Back in January, the good folks at Clearblue commissioned a study — the Clearblue Consumer Fertility Insights Survey Among the findings, 14% of men said that "keeping the romance alive" was the most stressful thing about trying to conceive. As something of a geek for most of my life, I would've voted for "finding a woman with whom to have a baby in the first place" but I don't think that was on the list.
Still, the geek thing did get me thinking. And so, my investigation of romance and procreation today begins, as such stories are inclined to do, in a high school drama club.
When I was in high school I was part of just such a club. This likely shocks many of you, as I've clearly grown to be a man's man who's never shown a particular flair for the dramatic, but I hung with the theatre crowd. Granted, I was a stage technician, not an actor, but it did mean I got to go on the drama club's field trip to Vancouver one year, where we got to take in a professional staging of Showboat.
And it was there, as Joe (the one on the stage, not the one writing this post) mournfully sang about that Ol' Man River that just keeps rolling along, that I realized an innocent part of me had died.
"See the water? What do you think, motorized gobos?"
"Could be a computer projection but it's probably gobos."
In that short back and forth, my fellow stage tech Ashley and I had deconstructed one of the more stunning visual effects in the show, concluding that the haunting image of the water moving across the stage was probably created by shining light through a metal template that was rotating thanks to a small motor, creating the illusion of a rolling river.
Whereas the vast majority of the audience was probably losing themselves in a powerful moment, we were dorkily wondering how the effects team was doing it. The knowledge we'd gained as theatre techs had, it seemed, ruined our ability to simply sit back and enjoy the show.
Which brings me back, quite logically, to the issue of baby making.
Again, the Clearblue survey found that 14% of men found "keeping the romance alive" most stressful when trying to conceive a child. Interestingly, only 8 per cent of women said the same. For us guys, it seems that finding ways to keep the moment magical while focusing on all of the behind the scenes reality of trying to make a baby is a challenge. How can we get to that place where we can, erm, sit back and enjoy the show?
The same survey also found that men and women feel that taking measures to manage stress and ensure relaxation is the most important piece of information they would pass along to those that are trying to conceive. So maybe there's something to that. Don't focus on the challenges of making a baby, focus on the fact that you have a reason to spend more time with your spouse. Help her to manage her stress. Give her a back rub. Spend some time with her. Make her laugh.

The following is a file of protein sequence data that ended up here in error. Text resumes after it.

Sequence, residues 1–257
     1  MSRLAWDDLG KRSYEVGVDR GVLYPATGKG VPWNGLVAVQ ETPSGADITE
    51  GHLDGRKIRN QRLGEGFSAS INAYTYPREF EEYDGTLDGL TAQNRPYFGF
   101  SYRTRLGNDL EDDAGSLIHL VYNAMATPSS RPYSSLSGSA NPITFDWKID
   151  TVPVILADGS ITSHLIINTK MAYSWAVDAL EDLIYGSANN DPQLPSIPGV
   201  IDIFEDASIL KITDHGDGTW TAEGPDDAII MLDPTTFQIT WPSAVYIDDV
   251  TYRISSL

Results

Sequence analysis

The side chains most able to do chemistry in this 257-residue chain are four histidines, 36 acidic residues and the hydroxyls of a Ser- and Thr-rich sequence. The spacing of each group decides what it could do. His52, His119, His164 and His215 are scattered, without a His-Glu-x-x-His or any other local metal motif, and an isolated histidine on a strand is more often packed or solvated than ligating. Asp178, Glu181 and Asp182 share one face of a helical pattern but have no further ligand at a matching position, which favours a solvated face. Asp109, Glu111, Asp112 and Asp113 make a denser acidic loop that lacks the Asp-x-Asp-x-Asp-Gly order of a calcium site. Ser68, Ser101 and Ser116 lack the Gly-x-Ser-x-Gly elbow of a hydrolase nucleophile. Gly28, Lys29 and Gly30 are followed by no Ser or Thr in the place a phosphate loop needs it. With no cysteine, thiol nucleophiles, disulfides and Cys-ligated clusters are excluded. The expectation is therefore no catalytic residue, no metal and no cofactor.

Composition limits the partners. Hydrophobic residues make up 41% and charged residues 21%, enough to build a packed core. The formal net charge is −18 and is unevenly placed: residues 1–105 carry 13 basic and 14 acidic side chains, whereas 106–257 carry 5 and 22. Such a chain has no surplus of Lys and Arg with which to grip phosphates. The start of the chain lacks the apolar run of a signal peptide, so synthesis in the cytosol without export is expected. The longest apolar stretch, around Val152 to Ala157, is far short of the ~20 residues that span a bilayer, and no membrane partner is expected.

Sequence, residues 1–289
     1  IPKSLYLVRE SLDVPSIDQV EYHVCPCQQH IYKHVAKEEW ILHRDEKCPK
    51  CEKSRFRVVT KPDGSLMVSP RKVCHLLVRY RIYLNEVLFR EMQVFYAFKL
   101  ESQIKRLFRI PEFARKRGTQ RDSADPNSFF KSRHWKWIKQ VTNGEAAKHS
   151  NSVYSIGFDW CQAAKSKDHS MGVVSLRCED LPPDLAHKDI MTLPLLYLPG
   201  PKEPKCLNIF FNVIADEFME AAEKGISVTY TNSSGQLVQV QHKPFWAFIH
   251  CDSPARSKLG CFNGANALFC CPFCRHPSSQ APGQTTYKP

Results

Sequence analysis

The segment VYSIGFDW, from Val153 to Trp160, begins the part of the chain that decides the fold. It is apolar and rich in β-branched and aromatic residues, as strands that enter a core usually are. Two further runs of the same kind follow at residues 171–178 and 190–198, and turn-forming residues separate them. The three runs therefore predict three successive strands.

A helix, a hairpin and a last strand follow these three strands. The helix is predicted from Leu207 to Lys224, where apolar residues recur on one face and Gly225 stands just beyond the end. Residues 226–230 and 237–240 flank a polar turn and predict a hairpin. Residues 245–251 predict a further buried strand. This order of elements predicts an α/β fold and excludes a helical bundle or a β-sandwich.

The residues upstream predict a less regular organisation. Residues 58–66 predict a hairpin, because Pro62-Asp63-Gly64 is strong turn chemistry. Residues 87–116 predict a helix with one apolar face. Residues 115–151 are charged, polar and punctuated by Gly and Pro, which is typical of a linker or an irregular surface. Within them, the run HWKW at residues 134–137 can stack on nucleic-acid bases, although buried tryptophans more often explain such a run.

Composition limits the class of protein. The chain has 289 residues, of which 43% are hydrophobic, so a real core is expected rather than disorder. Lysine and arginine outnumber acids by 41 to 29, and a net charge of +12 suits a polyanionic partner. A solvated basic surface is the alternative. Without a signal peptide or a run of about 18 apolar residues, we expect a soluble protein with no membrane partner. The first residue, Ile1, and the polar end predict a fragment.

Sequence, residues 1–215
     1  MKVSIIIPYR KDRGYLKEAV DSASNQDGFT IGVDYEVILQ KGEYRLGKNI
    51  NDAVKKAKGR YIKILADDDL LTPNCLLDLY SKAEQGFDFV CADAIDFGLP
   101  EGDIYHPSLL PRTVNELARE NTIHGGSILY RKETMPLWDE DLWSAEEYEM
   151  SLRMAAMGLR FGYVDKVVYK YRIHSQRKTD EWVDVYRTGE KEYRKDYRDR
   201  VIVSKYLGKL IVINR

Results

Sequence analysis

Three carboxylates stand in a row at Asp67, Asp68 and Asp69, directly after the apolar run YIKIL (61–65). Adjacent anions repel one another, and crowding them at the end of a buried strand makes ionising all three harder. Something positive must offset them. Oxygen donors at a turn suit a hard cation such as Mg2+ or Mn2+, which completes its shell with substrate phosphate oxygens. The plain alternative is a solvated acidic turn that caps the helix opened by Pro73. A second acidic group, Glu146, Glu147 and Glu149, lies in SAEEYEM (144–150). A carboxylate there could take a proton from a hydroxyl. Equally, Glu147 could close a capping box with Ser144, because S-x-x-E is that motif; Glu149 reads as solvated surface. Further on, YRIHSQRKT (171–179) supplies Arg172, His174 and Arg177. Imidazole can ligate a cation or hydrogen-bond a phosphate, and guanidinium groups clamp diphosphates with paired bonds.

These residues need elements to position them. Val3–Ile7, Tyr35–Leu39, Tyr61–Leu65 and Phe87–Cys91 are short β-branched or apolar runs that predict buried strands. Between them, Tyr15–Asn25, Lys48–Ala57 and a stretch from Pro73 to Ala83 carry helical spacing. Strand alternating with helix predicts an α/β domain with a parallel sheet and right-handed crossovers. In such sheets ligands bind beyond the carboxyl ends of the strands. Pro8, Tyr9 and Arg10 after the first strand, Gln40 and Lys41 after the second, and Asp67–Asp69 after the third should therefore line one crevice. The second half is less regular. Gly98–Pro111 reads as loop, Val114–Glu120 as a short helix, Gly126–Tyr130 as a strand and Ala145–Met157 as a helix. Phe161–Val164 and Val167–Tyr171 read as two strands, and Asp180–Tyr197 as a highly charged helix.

Or get relaxation and romance tips and tricks from an expert who actually knows something about it instead of some random daddy blogger who uses freaking drama club stories as metaphor. For example, prior to writing this I'd never even heard of a digital ovulation test. A gadget that lets you know your two best days to try to conceive so it can take the pressure off the rest of the month? What guy doesn't like gadgets?!
When I walked out of that theatre in Vancouver I felt sort of sad, like I'd lost the ability to appreciate theatre for what it was. But as I got older, my take on it changed. I didn't lose the ability to enjoy a show, I gained the ability to appreciate it on a different level. I can appreciate the work that goes into making stage magic happen. I can appreciate the planning and logistics and training and hard work that the crew puts in to making their art.
I guess what I'm saying is if I can rediscover the magic in gobos and light gels, the reality of trying to conceive shouldn't be enough to kill the romance in the bedroom. And look on the bright side, even if it does feel a bit too much like work, at least you don't have thousands of people watching, critiquing your efforts.